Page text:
North Korea Faces 'Overwhelming' Military Response From Trump, Mattis Warns In Seoul

South Korean honour guards fire gun salutes during a welcoming ceremony for US Secretary of Defense Jim Mattis at the Defence Ministry in Seoul on October 28, 2017. Mattis is on a two-day visit to South Korea to attend the Security Consultative Meeting (SCM) amid North Korea's nuclear and missile provocations. Jung Yeon-je/AFP/Getty

Secretary of Defense Jim Mattis on Saturday warned North Korea that it could expect a "massive military response" from President Donald Trump if it presses ahead with the use of nuclear weapons, as he continued his visit to Seoul, South Korea.

"Make no mistake—any attack on the United States or our allies will be defeated," Mattis said at a joint press conference with Song Young-moo, his South Korean counterpart.

"Any use of nuclear weapons by the North will be met with a massive military response, effective and overwhelming," Mattis added. "I cannot imagine a condition under which the United States will accept North Korea as a nuclear power."

Trump's top defense official is on a two-day visit to South Korea to discuss military matters as tensions continue to rise on the Korean peninsula.

He said that diplomacy and negotiations were still a "preferred course of action" but said that the ability to wield strong military power made for a situation in which "our diplomats are most effective."

North Korea may soon have the ability to strike the U.S. with nuclear weapons, possibly within months, according to the CIA, Reuters reported.

A day before his comments on Saturday, Mattis, also known by his nickname "Mad Dog," paid a visit to the Demilitarized Zone, or DMZ, between the North and South, which effectively remain in a state of war.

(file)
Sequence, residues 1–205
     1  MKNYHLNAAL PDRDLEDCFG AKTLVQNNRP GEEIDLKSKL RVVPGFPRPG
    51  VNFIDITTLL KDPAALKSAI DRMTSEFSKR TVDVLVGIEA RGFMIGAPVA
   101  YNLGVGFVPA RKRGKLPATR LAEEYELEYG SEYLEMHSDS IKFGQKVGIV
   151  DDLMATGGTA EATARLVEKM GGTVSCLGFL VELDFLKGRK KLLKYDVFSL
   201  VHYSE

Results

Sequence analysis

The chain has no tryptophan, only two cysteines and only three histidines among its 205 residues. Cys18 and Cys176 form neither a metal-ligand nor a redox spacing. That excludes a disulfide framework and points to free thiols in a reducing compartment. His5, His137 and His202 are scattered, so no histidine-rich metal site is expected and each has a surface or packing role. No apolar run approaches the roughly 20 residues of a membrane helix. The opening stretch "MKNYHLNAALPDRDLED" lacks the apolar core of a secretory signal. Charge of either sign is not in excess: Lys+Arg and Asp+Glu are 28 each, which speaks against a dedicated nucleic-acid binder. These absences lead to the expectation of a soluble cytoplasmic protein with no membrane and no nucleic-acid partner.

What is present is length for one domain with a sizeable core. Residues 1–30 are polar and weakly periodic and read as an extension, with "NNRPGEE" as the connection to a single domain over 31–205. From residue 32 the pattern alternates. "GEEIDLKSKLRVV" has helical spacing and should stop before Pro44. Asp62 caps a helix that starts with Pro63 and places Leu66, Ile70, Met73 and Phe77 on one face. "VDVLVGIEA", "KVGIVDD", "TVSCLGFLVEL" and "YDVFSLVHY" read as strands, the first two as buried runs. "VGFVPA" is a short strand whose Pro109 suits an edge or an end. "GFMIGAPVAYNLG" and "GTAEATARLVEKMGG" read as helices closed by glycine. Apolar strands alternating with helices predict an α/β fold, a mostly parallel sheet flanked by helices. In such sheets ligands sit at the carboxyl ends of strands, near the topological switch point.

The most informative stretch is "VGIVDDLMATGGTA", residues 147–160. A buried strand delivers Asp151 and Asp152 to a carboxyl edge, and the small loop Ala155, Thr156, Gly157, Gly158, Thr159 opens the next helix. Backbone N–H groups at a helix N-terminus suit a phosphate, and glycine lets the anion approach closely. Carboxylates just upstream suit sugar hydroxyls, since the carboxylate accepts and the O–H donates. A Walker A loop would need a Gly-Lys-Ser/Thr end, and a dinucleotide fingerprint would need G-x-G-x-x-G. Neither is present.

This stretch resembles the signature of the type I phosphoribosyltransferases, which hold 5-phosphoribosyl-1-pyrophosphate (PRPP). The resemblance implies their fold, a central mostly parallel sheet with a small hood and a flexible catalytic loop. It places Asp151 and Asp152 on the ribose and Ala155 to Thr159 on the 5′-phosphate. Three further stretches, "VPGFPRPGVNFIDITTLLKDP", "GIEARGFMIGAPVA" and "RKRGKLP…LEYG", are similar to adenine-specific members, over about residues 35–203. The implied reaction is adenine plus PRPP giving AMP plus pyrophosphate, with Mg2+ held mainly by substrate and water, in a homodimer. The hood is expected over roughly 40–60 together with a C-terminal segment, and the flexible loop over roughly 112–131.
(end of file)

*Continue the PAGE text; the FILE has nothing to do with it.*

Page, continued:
Pyongyang has threatened to further test hydrogen bombs and missiles over the Pacific as part of its bid to advance its nuclear programme. But Song warned Mattis that Seoul would be unable to defend against the artillery that its northern neighbor had amassed along its border with the South.

The North Korean artillery at Kaesong that sits along the DMZ is located just 30 miles from Seoul, a city of 25 million people, and well within range of the weapons.

But 28,500 U.S. troops are stationed in South Korea and Mattis warned North Korean leader Kim Jong Un that his regime was "overmatched" by U.S. and South Korean military power.

Trump has engaged in a war of words with Kim that included the North Korean leader call him a "dotard." The rhetoric of both has threatened to escalate an already tense situation that the international community, including North Korea's only diplomatic ally China, has attempted to control by imposing crippling sanctions on Pyongyang's already isolated economy.

The president will visit South Korea next month as part of a wider tour of Asia that will take in Japan, China, Vietnam and the Philippines. He will visit a U.S. military base between November 7 and 8, and will likely make an address to the South Korean parliament and hold meetings with his South Korean counterpart Moon Jae-in.